A De Facto Abortion Ban In Mississippi?

Molly Redden warns that the Magnolia State might soon be “the first state in 41 years—since Roe v. Wade—to be without a single legal abortion provider”:

[T]he odds don’t look good. The law, HB 1390, requires abortion providers to have admitting privileges at a local hospital or face criminal penalties. Obtaining admitting privileges, however, poses an impossible burden, since most of Mississippi’s providers travel to Jackson from out of state and local hospitals have all refused to be associated with abortion.

Hillary Crosley confirms that the state’s goal in this legal battle is to ban abortion entirely:

[Paul] Barnes [of the Mississippi Attorney General’s Office] argued that the Supreme Court upheld the Constitution’s guarantee to an abortion but not one that risks the patient’s life. He continued that the law demanding admittance privileges is merely trying to save women’s lives! It has nothing to do with banning abortion in the state! Though Mississippi Governor Phil Bryant publicly expressed exactly that as his goal earlier this year and is incrementally dismantling the practice at home. According to Mother Jones, the Jackson Women’s doctors have been rejected for admitting privileges at every hospital they’ve applied or barred from submitting applications at all. In addition, just last week Bryant banned abortions at 20 weeks, with no exceptions for rape or incest. The law takes effect July 1.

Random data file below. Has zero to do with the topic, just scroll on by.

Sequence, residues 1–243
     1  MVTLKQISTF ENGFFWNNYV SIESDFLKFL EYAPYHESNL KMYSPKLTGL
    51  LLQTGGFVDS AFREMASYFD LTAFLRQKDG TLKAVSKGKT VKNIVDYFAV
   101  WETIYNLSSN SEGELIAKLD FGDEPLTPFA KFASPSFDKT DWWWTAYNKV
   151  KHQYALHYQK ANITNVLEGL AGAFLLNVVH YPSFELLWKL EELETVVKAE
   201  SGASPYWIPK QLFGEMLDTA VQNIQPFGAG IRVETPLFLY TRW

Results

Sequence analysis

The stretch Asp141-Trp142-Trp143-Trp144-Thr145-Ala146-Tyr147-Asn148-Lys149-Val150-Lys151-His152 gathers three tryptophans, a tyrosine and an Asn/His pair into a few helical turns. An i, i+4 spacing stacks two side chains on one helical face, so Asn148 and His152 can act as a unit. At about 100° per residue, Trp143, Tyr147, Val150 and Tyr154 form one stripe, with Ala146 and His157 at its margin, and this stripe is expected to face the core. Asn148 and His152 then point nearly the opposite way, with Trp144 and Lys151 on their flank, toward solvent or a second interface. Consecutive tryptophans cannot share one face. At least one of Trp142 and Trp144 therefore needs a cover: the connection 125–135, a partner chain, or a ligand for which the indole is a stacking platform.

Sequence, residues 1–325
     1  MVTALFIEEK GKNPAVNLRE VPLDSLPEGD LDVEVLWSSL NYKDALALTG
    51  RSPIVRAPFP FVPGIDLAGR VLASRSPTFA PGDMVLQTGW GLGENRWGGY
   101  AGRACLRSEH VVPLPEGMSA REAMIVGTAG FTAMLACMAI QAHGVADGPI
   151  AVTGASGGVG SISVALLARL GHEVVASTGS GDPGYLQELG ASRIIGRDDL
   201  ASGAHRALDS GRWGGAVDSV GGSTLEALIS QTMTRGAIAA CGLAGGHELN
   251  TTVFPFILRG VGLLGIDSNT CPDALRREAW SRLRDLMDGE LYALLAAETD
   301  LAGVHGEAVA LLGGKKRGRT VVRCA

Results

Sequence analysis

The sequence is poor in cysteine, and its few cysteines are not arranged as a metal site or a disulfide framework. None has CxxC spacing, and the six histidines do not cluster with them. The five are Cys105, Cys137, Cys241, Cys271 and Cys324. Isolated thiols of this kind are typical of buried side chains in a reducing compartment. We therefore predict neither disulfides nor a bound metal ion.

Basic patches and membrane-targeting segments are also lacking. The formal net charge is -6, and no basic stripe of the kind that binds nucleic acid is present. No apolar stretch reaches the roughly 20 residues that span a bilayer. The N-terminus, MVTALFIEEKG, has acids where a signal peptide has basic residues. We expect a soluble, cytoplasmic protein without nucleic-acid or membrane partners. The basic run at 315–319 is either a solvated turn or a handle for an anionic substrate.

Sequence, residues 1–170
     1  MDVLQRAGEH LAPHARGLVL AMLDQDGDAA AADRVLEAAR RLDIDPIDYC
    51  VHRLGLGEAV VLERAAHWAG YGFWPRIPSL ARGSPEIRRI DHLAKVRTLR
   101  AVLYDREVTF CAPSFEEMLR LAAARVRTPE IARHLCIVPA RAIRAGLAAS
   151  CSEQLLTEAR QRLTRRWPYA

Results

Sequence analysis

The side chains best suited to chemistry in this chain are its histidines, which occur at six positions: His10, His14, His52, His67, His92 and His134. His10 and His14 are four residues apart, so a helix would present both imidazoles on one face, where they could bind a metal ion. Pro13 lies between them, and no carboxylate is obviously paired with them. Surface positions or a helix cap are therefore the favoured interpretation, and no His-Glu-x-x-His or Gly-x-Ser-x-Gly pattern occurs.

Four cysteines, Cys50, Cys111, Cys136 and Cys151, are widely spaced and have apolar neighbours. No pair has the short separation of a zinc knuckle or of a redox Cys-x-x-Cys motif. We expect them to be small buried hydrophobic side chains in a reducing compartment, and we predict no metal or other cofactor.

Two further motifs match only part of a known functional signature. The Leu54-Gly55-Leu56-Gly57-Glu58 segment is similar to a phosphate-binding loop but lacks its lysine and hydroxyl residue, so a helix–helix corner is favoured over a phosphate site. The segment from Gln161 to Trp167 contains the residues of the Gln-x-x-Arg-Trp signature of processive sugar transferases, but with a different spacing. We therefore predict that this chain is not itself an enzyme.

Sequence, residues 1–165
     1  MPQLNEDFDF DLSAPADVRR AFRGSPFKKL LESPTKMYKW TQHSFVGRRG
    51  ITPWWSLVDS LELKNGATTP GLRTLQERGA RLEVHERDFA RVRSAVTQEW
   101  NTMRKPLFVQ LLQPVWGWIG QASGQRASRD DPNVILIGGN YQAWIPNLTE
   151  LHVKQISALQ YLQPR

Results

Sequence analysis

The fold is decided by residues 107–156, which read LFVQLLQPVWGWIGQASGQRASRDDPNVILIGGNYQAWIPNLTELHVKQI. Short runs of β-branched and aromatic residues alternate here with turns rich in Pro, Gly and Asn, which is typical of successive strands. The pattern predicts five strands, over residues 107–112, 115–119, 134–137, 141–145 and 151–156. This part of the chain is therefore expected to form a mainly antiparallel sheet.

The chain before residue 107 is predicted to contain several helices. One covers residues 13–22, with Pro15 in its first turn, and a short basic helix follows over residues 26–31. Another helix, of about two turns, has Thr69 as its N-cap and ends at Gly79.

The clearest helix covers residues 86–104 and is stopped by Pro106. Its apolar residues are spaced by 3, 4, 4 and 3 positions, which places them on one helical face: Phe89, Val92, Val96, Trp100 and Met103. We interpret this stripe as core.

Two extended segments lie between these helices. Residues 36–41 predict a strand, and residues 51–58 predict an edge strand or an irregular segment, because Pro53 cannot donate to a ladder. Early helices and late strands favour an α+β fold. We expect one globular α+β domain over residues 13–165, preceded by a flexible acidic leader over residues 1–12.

Amanda Marcotte is pessimistic:

The 5th Circuit is notoriously right-leaning and recently decided to uphold a similar law in Texas, forcing many clinics in the state to shutter their doors or stop providing abortions. The fact that these kinds of regulations are not medically necessary at all doesn’t seem to matter to the court, as Irin Carmon of MSNBC writes. The 5th Circuit judge on the Texas case wrote that legislators have every right to craft medical regulations “based on rational speculation unsupported by evidence or empirical data.” In other words, the court has found that facts and evidence need not apply here, and if a state wants to make up regulations out of thin air that have no medical basis of support but just happen to end legal access to abortion, they should feel free to do so.

With that kind of precedent, it’s not looking good for the last abortion clinic in Mississippi. And as Carmon notes, if the 5th Circuit goes this expected way, it will create a path for other highly conservative Southern states to functionally ban abortion without coming right out and banning it. It’s not entirely crazy to think that, eventually, women who need abortions in the South won’t just have to travel to the next state—they’ll have to come North.